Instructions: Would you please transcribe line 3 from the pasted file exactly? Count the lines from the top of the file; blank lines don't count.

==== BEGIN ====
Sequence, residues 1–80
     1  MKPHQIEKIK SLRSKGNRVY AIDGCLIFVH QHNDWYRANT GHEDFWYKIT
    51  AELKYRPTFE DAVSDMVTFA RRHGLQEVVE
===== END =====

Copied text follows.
    51  AELKYRPTFE DAVSDMVTFA RRHGLQEVVE